Common astronomy misconceptions

School visits bring a lot of great questions from children. From the behaviour of fire in zero gravity to the theory of black holes (both have been asked). There are also a few common misconceptions that are brought up. With it being school holidays we are in our quiet period now, but it seems a good idea to give some of the regular misconceptions a mention on here as they arise. Here are a few from recent visits that have been quoted.

‘The Moon has a dark side’.  You may well here the phrase ‘dark side of the moon’ (or Pink Floyd album!), but there is no permanent dark side – only a side that we can never see from the Earth. Every part of the Moon receives 2 weeks of daylight and 2 weeks of night, but we can only ever see the Earth facing side. During a new moon the side we cannot see is in full sunlight and during a full moon the side we cannot see is in darkness.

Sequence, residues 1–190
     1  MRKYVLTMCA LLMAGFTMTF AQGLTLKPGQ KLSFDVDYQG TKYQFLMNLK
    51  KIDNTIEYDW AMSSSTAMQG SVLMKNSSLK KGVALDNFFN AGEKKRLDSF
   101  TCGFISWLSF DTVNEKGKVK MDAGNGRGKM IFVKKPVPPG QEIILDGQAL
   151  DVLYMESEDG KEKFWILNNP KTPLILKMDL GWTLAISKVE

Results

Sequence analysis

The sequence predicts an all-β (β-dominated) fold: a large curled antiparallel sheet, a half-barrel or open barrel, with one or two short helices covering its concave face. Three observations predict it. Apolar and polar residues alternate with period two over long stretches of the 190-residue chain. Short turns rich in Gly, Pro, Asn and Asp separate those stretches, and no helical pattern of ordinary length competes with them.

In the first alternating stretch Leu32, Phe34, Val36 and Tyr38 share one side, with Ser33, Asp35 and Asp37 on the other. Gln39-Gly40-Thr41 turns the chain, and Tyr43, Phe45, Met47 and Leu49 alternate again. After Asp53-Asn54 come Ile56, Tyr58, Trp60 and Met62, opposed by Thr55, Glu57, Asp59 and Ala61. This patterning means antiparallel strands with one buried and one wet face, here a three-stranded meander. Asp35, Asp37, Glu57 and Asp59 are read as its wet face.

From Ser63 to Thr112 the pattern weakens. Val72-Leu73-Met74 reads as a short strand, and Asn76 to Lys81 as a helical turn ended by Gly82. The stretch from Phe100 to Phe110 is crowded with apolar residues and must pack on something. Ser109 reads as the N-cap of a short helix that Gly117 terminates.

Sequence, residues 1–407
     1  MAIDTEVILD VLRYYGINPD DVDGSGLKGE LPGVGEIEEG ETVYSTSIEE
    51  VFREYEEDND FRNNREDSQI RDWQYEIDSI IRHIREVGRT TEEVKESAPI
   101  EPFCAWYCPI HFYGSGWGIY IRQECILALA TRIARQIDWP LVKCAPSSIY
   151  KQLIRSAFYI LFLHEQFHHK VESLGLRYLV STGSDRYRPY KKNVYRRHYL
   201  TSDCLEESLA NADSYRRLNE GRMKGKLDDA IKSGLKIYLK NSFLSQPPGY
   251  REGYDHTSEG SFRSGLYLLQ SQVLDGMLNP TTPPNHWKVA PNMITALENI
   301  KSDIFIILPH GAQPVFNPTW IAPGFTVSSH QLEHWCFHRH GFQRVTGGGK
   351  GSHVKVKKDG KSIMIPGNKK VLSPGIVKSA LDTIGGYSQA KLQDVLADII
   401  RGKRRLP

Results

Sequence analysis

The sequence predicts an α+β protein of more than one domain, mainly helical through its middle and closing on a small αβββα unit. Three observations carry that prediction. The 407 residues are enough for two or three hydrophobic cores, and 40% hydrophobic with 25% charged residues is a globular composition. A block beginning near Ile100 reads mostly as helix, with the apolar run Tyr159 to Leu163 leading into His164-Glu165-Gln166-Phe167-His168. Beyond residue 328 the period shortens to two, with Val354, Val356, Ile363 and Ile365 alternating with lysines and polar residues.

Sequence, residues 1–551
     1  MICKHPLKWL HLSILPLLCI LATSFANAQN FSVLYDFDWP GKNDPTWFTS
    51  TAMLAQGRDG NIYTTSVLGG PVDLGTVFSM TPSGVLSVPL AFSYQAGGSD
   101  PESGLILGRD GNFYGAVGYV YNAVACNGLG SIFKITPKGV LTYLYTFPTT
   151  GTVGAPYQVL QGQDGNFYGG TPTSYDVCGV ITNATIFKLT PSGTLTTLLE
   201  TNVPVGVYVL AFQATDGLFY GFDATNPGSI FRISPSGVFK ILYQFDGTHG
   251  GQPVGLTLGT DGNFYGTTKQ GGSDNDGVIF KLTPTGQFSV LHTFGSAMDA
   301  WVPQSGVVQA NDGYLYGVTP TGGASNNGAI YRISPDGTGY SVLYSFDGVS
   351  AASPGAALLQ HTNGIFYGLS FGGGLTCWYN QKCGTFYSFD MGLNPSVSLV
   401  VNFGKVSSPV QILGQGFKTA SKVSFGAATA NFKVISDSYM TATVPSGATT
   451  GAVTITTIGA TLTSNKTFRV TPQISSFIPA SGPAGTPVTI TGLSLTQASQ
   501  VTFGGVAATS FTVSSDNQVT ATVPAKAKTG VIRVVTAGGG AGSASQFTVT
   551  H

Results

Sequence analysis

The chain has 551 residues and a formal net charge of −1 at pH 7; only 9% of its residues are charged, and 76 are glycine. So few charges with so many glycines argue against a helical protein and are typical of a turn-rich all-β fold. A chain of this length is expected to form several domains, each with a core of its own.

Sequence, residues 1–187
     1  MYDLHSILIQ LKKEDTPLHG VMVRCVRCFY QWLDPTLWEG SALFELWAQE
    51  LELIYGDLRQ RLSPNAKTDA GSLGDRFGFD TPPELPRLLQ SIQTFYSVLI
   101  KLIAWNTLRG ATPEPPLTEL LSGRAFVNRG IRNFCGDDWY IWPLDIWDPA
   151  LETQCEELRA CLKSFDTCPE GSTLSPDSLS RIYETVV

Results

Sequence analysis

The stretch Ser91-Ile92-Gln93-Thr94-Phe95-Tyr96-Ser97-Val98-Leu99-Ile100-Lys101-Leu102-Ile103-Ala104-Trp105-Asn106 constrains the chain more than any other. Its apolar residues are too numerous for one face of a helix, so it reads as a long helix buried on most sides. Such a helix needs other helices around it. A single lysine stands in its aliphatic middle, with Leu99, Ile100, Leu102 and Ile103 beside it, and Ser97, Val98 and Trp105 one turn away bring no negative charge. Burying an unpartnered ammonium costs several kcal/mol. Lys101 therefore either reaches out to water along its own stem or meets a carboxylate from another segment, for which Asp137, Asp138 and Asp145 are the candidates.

‘There is no gravity on the ISS’. This is a half truth. The Earth’s gravity is actually around 89% the strength on the ISS as it is on the ground. The reason that astronauts float is because the ISS is in constant free full, but moving so fast that it never crashes to Earth. The exact same effect can be had on a parabolic flight where an aircraft descends at an angle of 42 degrees, causing weightlessness for the period of the dive. Professor Stephen Hawking took one in 2007.



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